Ask the Vet: General Equine Health

Answered by, Shanna Nelson, DVM, Fox Creek Veterinary Hospital, Wildwood, Missouri

Question: Could you explain how Omega-3 can help with hives? My soon to be 23-year-old mare has them from time to time beginning in the spring until late fall. She is not itchy, but rather can get very big different shapes all over her body. They tell me this might help if I start her on it now.

 Answer: I’m glad your horse isn’t itchy, as severe hives can certainly make a horse extremely miserable, especially in hot weather. Omega-3 fatty acids are sometimes recommended for the control of skin disease and other inflammatory conditions because they have anti-inflammatory properties. Briefly, Omega-3 and Omega-6 fatty acids are two types of “essential” fat, meaning they must be consumed in the diet to maintain health (and both are found in a horse’s usual food, in varying quantities). While Omega-3’s are often thought of as the “good guys” (anti-inflammatory) and Omega-6’s are considered the “bad guys” (pro-inflammatory), the truth is that both are required to support essential functions. The goal in supplementation is to increase the ratio of Omega-3 to Omega-6 in the diet, to tip the balance toward the anti-inflammatory side; however, we do not fully understand the ideal ratio. Several studies have shown potential benefit in horses receiving Omega-3 fatty acid supplementation in the management of equine asthma, osteoarthritis, and skin hypersensitivity. Often the supplements are used as adjuncts to other treatments and management changes, rather than as the sole therapy.

There are multiple commercial supplements that boast a healthy serving of Omega-3 fatty acids. Flaxseed and fish oil are other sources, but beware the added calories in fat supplements, particularly in horses that are already overweight.

Other treatments for hives, depending on the severity, include steroids, antihistamines, and desensitization (“allergy shots,” selected after appropriate testing based on either response to intradermal injection of allergens or assessment of the serum). Preventative measures include fly control, fly sheets, and avoiding potential contact triggers, such as irritating pasture plants or various topical sprays. Some horses, like some people, are just more sensitive than others.

Question: Are ponies more susceptible to founder than horses? I ask because I give my horses a grain supplement in the winter, along with hay, and I wonder if should provide this supplement for the pony.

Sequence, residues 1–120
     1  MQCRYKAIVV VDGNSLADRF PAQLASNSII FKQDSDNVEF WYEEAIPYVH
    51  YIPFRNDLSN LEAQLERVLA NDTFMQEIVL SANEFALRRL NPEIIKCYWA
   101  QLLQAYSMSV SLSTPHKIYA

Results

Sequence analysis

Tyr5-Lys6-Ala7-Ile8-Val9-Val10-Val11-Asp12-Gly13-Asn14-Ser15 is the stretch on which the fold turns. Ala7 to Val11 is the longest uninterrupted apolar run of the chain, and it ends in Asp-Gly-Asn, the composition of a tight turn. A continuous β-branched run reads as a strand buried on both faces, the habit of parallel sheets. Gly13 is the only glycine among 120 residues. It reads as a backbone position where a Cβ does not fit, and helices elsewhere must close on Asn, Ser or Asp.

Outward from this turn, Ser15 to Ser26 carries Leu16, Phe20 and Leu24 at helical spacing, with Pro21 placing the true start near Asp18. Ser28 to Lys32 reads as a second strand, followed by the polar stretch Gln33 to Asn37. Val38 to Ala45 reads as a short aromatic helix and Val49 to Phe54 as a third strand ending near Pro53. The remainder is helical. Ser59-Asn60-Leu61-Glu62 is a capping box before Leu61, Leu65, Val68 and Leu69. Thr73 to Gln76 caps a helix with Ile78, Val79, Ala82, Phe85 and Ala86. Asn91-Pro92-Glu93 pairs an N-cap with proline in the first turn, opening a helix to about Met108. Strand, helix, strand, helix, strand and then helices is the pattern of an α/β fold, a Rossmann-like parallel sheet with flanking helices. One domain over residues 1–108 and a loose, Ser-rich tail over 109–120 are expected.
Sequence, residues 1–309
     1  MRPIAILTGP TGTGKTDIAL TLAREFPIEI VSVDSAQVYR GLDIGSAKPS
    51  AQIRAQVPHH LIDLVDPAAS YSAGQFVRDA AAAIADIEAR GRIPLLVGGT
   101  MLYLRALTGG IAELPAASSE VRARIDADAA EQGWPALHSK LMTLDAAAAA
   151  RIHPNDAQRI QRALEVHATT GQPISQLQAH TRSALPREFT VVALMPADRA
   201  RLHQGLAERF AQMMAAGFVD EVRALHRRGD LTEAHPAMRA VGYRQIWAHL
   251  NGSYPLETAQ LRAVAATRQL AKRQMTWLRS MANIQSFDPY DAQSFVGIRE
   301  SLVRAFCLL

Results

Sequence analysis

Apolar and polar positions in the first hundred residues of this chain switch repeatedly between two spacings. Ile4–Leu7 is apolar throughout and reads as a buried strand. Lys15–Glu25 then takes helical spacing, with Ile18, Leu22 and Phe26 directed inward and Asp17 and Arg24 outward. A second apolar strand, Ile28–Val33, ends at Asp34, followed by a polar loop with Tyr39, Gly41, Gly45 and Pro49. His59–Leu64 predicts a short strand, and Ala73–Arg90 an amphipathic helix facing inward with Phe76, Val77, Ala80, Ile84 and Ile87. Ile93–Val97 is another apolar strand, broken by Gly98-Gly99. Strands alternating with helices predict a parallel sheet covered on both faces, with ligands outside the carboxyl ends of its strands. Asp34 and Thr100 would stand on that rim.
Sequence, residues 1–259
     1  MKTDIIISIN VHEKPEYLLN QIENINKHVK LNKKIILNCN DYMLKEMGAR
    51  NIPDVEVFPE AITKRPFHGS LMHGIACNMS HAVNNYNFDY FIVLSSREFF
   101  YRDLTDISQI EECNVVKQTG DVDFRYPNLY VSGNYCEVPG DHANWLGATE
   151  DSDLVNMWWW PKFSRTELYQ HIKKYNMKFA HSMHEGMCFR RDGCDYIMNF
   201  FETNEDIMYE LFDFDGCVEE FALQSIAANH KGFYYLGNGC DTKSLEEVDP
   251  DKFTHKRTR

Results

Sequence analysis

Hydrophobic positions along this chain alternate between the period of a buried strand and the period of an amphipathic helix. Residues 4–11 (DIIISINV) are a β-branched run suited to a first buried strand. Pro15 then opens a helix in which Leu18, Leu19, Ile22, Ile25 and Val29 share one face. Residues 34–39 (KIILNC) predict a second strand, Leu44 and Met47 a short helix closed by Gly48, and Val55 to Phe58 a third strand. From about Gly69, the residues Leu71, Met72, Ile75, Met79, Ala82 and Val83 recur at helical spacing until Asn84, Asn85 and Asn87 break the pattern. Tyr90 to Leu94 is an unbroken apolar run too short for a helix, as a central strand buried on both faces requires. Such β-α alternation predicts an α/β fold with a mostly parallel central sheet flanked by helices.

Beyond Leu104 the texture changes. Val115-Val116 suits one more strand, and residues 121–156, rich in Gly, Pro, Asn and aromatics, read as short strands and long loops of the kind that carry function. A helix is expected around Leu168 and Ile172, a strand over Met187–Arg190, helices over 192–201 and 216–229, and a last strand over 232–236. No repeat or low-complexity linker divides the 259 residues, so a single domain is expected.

Answer: The short answer to your question is yes: ponies are more susceptible to founder than horses. The long answer is a lot more complicated!

Most horses, if they are currently in adequate or overweight body condition, and if they are not in hard athletic work, will do well on a ration balancer and access to forage (hay/grass). I like ration balancers because they pack all of the essential vitamins and minerals into a compact volume, without adding a lot of calories. It is important to feed them according to the directions on the bag, rather than overfeeding. Many horses truly do not need grain, although performance horses and seniors are more likely to need the extra calories and energy. In the winter, additional hay can provide needed calories and “warmth.”

Laminitis (inflammation of the internal structures of the hoof) can lead to founder (sinking or rotation of the coffin bone), which can be debilitating and life-threatening. Laminitis can develop from myriad causes, including infection, toxins, overwork, and grain overload. Perhaps the most common cause is endocrine in origin, however.

We still do not understand the exact pathway that leads to laminitis and founder, but it involves elevations in insulin levels, triggered at least in part by sugary diet high in non-structural carbohydrates, which includes both lush pasture grass and many commercial grains, particularly sweet feed. Two conditions in equines predispose to excessive insulin secretion: Equine Metabolic Syndrome (EMS) and Pituitary Pars Intermedia Dysfunction (PPID or “Cushing’s Disease”). Ponies are affected by EMS and PPID at higher rates than full-sized horses, and they are also more likely to be obese in general, which contributes to the problem.

I recommend that all owners of ponies keep their animals at a reasonable weight, although it can be hard to keep a pony fit and trim! Minimizing pasture access (by using a grazing muzzle or spending time in a dry lot) can help, and exercise is ideal (and can actually help reverse insulin resistance). As stated earlier, most ponies probably don’t need a lot of grain in their diet, unless they have a specific health condition that calls for it. Stay on top of your pony’s farrier care, and ask your veterinarian whether testing for EMS or PPID is recommended.